International Max Planck Research School on the Social and Political Constitution of the Economy
Micro-Foundations of Financialization: Status Anxiety and the Market for Consumer Credit in Chile
Studies on the Social and Political Constitution of the Economy. IMPRS-SPCE, Cologne 2015.
This project investigates why people in Chile acquired so much consumer debt in contexts of material prosperity, and asks what the role of inequality and commodification
is in this process. The case raises an important challenge to the literature. Insofar as existing accounts assume that the financialization of consumption occurs in contexts
marked by wage stagnation and a general deterioration of the middle classes, they engender two contradictory explanations: while political economists argue that people use
credit in order to smooth their consumption in the face of market volatility, economists maintain that concentration of wealth at the top pushes middle income consumers to
emulate the expenditures of the rich and consume beyond their means. These explanations do not necessarily fit the reality of developing countries.
Triangulating in-depth interviews with middle class families, multivariate statistical analysis and secondary literature, the project shows that consumers in Chile use credit to finance "ordinary"
forms of consumption that do not aim either at coping with market instability or emulating and signaling status to others. Rather, Chileans use department store credit cards
in order to acquire a standard package of "inconspicuous" goods that they feel entitled to have. From this point of view, the systematic indebtedness of consumers originates
in a major concern with "rank", "achievement" and "security" that – following De Botton - I call "status anxiety". Status anxiety does not stem from the desire to emulate rich
consumers, but from the impossibility of complying with normative expectations about what a middle class family should be (and have) that outweigh wage improvements. The
project thus investigates the way in which "status anxiety" is systematically reproduced by means of two broad mechanisms that prompt people to acquire consumer debt. The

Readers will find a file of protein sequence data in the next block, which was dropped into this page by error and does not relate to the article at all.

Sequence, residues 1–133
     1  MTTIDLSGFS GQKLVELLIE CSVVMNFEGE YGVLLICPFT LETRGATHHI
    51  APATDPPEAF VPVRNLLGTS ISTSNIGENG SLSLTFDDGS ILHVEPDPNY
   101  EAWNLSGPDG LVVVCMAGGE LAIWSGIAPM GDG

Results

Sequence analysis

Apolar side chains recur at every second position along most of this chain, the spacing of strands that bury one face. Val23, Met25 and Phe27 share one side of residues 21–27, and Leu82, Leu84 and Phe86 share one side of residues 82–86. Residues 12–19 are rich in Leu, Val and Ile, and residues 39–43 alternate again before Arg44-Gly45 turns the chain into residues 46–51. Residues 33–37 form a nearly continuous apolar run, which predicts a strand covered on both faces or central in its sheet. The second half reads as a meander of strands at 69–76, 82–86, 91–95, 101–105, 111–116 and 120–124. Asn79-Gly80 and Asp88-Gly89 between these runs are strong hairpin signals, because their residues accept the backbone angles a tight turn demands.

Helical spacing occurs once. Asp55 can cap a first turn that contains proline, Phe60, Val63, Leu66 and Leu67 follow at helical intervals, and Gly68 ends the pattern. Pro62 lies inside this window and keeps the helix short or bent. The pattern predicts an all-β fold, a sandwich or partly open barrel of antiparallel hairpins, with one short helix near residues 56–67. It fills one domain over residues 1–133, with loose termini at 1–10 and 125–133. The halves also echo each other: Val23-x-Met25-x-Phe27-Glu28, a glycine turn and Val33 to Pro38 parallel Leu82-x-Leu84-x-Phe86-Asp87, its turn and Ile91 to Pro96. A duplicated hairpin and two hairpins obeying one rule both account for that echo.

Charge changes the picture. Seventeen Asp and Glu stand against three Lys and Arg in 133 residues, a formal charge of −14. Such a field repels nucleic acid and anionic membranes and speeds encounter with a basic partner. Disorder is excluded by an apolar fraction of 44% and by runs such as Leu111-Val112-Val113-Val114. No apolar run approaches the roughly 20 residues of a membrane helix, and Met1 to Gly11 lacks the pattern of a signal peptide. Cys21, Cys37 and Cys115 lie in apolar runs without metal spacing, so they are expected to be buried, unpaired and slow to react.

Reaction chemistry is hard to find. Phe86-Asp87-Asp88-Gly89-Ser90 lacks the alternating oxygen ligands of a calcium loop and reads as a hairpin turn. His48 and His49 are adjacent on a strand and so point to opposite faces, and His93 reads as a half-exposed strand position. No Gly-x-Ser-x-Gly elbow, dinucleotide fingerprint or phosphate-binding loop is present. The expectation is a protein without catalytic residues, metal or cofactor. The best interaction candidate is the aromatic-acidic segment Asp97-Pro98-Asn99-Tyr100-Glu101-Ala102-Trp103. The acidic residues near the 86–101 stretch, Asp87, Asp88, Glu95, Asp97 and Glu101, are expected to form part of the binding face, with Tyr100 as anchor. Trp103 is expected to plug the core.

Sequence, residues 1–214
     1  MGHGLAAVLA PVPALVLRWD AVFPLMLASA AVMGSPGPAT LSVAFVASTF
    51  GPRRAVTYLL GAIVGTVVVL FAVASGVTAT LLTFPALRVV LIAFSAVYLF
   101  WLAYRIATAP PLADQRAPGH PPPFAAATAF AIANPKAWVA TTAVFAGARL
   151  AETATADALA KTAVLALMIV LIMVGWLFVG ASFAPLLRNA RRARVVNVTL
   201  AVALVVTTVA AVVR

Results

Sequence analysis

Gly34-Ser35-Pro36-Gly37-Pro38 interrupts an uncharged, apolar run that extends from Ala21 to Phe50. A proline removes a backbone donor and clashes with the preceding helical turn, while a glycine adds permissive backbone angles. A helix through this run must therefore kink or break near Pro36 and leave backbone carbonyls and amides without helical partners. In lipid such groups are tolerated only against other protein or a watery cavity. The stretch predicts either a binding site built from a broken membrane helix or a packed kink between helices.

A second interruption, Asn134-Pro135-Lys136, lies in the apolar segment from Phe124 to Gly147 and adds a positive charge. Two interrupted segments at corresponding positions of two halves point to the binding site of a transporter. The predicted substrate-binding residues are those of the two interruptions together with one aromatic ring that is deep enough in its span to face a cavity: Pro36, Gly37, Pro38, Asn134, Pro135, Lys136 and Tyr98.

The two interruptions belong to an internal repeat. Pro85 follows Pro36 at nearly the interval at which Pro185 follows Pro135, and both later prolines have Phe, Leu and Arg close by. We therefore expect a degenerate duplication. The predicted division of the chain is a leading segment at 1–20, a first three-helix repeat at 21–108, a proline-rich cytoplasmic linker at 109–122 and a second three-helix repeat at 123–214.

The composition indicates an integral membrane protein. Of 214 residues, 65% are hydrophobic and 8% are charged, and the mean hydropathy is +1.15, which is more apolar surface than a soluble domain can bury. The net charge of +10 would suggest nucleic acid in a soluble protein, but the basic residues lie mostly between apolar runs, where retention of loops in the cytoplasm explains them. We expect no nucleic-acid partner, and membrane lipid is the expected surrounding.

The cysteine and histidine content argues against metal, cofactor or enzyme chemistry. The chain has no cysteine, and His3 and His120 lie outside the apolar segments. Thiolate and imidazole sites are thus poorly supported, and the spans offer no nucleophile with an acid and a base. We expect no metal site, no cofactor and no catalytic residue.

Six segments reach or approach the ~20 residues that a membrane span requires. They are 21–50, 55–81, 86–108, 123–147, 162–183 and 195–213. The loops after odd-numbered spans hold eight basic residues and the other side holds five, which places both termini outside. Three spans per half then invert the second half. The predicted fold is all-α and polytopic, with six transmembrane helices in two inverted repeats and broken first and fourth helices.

first mechanism generating debt stems from an increase of real wages and high levels of inequality.
It is explained by a general sociological principle known as relative deprivation, which points to the fact that general satisfaction with one´s income, possessions or
status, is assessed not in absolute terms such as total income, but in relation with reference groups. In this sense, I explore the mechanisms that operate as catalyzers
of relative deprivation, by making explicit social inequalities and distorting the perception of others' wealth. Despite upward mobility and economic improvement,
Chileans share the perception of "falling behind," which materializes in an "imaginary middle class" against which people compare their status, possessions and economic
independence. Finally, I show that the commodification of education, health and pension funds does not directly prompt people to acquire consumer debt, but operate as
"income draining" mechanisms that demand higher shares of middle class families' "discretionary income." In combination with "relative deprivation," these "income draining"
mechanisms leave families with few options to perform their desired class identities, other than learning how to bring resources from the future into the present with the
help of department store credit cards.